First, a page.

Don Hunstein, Legendary Classic Rock Photographer, Dies at 88
Don Hunstein, who, as a staff photographer for Columbia Records took many defining shots of classic rockers, jazz and classical musicians, has died of Alzheimer's disease. He was 88 years old.
According to the New York Times, Hunstein, a native of St. Louis, picked up photography as a hobby in the '50s while stationed in England with the Air Force. Finding that he had a natural aptitude, he then took classes at the Central School of Art and Design in London.
By 1956, he had returned to the U.S. and had gotten a job in the media library at Columbia, and was soon promoted to staff photographer. This brought him into the sessions for such Columbia artists as Miles Davis, Billie Holliday, Aretha Franklin, Tony Bennett, classical pianist Glenn Gould and Leonard Bernstein.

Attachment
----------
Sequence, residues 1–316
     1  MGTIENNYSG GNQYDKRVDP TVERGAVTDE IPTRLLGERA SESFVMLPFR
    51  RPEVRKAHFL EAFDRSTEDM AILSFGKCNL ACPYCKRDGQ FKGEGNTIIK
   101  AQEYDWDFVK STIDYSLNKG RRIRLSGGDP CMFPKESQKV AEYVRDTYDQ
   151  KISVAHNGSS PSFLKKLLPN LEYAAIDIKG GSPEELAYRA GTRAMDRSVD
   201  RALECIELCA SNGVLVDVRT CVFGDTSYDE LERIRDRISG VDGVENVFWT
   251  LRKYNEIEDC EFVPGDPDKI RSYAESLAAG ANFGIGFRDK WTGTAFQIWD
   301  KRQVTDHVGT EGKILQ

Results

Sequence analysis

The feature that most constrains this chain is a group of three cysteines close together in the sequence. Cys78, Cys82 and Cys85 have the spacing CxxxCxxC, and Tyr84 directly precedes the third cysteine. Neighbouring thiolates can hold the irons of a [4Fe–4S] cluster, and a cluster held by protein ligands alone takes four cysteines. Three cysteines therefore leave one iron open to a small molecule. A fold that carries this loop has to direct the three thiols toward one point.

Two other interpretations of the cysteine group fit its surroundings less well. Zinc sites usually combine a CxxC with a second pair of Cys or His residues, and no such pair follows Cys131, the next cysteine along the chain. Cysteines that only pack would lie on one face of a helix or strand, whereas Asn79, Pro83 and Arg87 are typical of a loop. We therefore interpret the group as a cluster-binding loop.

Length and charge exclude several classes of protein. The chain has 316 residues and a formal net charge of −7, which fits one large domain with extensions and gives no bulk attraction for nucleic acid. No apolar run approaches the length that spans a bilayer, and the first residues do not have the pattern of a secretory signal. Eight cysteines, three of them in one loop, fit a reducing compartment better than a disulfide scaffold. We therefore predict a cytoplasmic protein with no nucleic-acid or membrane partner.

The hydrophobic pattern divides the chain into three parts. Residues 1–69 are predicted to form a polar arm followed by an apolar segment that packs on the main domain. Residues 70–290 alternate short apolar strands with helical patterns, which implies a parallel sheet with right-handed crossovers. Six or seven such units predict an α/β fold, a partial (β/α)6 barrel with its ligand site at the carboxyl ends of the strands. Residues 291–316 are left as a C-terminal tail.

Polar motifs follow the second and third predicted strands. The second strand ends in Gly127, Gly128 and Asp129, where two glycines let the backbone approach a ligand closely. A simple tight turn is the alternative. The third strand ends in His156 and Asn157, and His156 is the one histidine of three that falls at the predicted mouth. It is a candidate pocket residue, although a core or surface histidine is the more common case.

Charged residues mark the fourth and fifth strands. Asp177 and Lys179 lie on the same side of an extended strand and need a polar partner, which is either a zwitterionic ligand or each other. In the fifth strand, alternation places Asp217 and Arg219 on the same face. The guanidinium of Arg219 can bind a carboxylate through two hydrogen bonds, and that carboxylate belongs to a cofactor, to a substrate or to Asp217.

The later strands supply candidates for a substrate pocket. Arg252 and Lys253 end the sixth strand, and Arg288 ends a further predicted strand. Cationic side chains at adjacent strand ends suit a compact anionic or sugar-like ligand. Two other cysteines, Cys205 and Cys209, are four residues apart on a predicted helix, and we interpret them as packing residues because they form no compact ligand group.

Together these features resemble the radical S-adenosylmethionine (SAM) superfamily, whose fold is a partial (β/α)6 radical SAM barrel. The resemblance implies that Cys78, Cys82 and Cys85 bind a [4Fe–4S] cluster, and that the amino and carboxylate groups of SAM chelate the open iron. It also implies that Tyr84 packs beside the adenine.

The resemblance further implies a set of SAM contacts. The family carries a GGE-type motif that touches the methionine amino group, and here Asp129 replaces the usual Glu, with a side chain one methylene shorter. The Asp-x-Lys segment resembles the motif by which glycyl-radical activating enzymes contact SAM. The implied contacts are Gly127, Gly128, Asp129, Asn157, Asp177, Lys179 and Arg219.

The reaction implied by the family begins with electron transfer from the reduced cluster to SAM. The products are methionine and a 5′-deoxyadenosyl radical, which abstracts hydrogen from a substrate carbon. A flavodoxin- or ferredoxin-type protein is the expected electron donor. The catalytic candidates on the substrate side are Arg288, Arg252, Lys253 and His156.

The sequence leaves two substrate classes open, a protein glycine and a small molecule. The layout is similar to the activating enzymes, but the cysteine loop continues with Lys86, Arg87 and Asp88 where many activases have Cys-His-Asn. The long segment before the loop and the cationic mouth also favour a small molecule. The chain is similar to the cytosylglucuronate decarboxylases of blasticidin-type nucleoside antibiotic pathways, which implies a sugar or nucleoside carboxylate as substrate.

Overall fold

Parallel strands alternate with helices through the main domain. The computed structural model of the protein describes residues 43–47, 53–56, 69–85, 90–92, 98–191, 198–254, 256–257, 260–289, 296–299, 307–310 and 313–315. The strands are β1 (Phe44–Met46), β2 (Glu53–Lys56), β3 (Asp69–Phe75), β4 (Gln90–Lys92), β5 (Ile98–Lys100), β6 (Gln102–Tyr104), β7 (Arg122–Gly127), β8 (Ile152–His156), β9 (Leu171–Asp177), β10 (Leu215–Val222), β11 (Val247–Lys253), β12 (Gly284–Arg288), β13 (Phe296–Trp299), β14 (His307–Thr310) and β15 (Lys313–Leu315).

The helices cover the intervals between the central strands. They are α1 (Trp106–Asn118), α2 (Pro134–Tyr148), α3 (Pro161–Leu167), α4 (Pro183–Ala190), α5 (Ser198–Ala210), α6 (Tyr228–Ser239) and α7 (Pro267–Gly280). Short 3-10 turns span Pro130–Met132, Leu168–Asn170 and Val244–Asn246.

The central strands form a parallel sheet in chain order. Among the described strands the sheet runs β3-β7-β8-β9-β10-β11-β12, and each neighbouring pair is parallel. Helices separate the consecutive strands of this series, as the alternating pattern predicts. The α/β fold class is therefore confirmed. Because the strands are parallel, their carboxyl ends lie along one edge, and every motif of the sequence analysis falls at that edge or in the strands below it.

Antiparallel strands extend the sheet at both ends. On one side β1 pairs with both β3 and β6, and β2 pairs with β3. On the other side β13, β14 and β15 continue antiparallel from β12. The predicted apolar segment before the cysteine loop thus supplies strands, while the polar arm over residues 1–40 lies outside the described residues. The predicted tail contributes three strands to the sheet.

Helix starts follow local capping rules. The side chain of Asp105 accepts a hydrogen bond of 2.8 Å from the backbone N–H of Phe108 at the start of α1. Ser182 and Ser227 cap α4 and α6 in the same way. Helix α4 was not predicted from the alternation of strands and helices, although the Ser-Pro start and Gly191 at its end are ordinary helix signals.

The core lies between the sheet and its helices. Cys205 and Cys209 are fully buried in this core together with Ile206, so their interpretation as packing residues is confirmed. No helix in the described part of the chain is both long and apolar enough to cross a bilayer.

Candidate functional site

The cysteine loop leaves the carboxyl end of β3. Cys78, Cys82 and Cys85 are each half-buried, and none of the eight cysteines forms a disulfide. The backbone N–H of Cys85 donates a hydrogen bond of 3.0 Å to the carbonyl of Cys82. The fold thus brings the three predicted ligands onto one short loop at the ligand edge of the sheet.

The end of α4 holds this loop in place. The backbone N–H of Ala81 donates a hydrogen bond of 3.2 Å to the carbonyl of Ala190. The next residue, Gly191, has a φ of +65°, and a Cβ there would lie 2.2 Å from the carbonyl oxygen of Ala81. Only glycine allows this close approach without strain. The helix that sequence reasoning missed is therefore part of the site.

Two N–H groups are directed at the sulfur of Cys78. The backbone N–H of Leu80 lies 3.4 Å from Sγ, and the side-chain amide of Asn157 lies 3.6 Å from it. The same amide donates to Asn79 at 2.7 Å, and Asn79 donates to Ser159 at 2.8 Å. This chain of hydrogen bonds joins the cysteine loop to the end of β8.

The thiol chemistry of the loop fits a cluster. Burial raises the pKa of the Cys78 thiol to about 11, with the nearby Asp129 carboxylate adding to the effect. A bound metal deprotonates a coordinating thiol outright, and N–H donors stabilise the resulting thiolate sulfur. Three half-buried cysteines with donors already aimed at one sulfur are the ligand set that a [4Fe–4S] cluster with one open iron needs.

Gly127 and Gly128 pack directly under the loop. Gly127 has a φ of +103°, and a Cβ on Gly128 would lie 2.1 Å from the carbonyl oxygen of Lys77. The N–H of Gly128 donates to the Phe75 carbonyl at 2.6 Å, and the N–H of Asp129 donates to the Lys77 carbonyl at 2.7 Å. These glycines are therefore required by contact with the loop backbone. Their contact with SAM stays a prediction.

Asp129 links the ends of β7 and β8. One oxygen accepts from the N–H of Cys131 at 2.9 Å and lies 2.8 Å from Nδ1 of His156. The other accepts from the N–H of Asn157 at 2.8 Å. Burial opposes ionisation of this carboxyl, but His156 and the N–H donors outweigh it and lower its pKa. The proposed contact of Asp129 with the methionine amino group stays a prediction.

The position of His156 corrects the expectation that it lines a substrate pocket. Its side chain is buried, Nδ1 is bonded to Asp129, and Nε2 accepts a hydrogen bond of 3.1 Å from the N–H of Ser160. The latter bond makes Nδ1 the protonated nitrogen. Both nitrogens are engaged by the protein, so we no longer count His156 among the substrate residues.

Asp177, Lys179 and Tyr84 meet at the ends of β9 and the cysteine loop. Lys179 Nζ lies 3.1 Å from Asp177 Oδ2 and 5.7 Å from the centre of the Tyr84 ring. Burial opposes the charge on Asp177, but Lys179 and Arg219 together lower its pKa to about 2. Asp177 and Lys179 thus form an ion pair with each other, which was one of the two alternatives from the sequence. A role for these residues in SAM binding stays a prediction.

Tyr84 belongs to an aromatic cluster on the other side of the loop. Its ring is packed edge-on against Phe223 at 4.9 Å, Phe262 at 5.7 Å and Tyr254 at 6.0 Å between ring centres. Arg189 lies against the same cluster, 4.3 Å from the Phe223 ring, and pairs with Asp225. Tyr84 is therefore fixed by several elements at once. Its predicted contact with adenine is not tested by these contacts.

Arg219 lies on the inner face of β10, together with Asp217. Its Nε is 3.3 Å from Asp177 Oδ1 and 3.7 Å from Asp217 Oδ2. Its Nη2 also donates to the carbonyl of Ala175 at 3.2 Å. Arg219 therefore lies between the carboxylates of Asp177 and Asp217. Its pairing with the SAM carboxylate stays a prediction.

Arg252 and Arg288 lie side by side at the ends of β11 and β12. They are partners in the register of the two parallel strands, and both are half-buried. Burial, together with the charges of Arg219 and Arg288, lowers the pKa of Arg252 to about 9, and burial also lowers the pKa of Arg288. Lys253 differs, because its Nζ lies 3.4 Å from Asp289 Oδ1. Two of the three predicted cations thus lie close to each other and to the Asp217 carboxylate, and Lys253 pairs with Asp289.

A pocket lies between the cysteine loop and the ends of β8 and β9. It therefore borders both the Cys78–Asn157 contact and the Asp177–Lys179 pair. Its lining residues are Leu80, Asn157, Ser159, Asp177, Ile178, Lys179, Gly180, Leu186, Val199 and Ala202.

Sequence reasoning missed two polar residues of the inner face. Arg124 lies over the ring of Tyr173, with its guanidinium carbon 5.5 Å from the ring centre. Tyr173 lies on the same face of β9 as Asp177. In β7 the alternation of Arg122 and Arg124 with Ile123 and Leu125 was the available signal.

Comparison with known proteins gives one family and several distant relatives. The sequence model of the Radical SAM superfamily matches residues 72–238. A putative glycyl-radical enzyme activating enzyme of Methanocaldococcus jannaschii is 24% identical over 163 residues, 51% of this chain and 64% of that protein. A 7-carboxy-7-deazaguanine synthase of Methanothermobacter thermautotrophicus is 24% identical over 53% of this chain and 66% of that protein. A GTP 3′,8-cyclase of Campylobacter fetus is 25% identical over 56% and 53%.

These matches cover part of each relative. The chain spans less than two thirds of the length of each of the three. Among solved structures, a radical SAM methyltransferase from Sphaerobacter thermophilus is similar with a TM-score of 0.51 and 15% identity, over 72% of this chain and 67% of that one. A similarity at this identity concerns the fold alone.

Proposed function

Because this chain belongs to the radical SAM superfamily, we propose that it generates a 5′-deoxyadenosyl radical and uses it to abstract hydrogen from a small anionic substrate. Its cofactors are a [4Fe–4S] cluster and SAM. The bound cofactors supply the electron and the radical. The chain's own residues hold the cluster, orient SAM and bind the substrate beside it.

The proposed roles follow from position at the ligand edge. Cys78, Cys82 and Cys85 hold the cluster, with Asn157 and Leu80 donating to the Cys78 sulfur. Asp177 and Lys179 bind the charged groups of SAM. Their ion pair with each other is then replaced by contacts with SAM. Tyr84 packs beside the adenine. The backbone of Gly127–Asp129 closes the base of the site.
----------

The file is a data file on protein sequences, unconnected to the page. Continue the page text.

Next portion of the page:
Arguably his most famous picture was of Bob Dylan and his then-girlfriend Suze Rotolo walking down a freezing Greenwich Village street in 1963. That photograph was used on the cover of Dylan's second album, The Freewheelin' Bob Dylan. After shooting the two of them indoors for a bit, he had them go outside and walk up and down the street.
“I’d just like to think that I had a good eye for detail, that I captured the moment at hand," he recalled in a 2013 retrospective of his work called Keeping Time: The Photographs of Don Hunstein. "But mostly, I just did my job.”
His time at Columbia, which ended in 1986 when the label closed its in-house photography studio, also resulted in work with Simon & Garfunkel and Janis Joplin.
Hunstein is survived by his wife, a son and daughter and three grandchildren.